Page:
European Commission Updates on BiE advocacy
Two important updates covering elements of BiE's advocacy for UK nationals have been published by the European Commission:
1) Entering/Leaving Schengen (including passport stamping)
2) Holding Multiple Statuses
1) Rules for UK nationals when entering or leaving the Schengen area
This document includes clear information on PASSPORT STAMPING which we hope will filter through to border guards quickly as this is still causing issues:
"EU law does not prevent border guards from stamping upon entry to and exit from the Schengen area of travel documents of United Kingdom nationals who are beneficiaries of the Withdrawal Agreement who are in possession of a valid residence permit issued by a Schengen Member State. The same applies to their family members in the same situation.
The Commission considers that there is little practical use in stamping passports of Withdrawal Agreement beneficiaries. Stamping a passport serves to establish whether a non–EU national respected the authorised length of a short stay within the Schengen area, but beneficiaries of the Withdrawal Agreement in a Schengen Member State are not required to leave the Schengen area as they legally reside in one of the Schengen Member State. The usual limitation of a stay of 90 days in a 180 days’ period in the Schengen area does not apply to them, irrespective of whether their passport has been stamped or not. However, they have no right to stay in a Schengen Member State other than that of their residence for more than 90 days in a 180 days’ period.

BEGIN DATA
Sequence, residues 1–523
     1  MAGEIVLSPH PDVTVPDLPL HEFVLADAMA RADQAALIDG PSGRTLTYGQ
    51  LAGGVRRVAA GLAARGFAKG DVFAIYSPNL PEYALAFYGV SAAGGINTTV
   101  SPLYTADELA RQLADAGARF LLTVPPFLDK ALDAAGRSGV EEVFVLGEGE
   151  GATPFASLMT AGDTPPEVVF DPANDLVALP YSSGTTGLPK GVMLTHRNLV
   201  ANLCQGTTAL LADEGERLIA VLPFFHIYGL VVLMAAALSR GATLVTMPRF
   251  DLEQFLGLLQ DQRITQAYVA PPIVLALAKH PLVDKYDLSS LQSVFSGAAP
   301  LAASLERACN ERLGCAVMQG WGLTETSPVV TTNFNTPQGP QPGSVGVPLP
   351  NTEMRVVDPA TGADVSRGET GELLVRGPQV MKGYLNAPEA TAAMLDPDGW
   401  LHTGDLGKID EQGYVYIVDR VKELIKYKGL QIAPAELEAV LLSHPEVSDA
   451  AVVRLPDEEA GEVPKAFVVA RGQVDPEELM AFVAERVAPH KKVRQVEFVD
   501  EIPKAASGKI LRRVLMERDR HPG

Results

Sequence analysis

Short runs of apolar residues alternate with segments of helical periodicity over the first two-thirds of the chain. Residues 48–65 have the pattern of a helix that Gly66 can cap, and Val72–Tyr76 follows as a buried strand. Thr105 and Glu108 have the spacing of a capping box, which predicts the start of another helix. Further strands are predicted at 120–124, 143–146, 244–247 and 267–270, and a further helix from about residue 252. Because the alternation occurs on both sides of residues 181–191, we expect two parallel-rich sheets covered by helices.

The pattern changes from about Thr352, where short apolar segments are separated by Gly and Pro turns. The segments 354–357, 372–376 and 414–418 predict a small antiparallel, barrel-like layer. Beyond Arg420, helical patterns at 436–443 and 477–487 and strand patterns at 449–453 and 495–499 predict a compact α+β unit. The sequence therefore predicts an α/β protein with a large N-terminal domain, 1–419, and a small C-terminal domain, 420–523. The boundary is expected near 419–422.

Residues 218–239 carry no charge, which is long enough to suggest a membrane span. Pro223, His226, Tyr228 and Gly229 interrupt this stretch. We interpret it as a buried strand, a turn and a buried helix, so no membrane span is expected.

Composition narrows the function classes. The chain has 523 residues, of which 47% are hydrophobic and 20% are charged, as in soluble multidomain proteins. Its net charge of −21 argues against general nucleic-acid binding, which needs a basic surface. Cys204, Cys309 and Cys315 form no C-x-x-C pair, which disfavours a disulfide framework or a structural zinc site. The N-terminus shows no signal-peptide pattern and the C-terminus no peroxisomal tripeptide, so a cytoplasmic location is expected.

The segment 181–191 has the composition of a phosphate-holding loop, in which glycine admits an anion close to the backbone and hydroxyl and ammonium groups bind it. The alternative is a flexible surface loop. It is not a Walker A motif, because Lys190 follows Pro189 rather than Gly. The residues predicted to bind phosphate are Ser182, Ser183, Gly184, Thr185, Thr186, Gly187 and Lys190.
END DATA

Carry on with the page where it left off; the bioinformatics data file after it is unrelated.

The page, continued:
The Commission recommends – notably as regards beneficiaries of the Withdrawal Agreement – that Member State border guards refrain from stamping. In any case, should stamping nevertheless take place, such stamp cannot affect the length of the authorised long-term stay."
The note also includes details on applicable residency documents.
2) UK nationals & multiple immigration statuses
This document clearly confirms that UK nationals can hold (and benefit from) MULTIPLE STATUSES at the same time:
"Withdrawal Agreement beneficiaries holding multiple statuses may choose which status to rely on in a given context. For example, United Kingdom nationals married to an EU citizen may rely on their status as Withdrawal Agreement beneficiary in the host State but on the status as family member of a mobile EU citizen when travelling together with the EU citizen to another EU Member State.
The possibility of holding multiple status also entails the holding of multiple residence documents.
This means that the host State must, where the relevant conditions are fulfilled, recognise that a Withdrawal Agreement beneficiary has multiple statuses. It also means that Withdrawal Agreement beneficiaries should be able to hold separate documents reflecting their individual immigration statuses."
Both documents are attached to this blog but we recommend you check here to ensure you have the latest version.
Published: 21 March 2022
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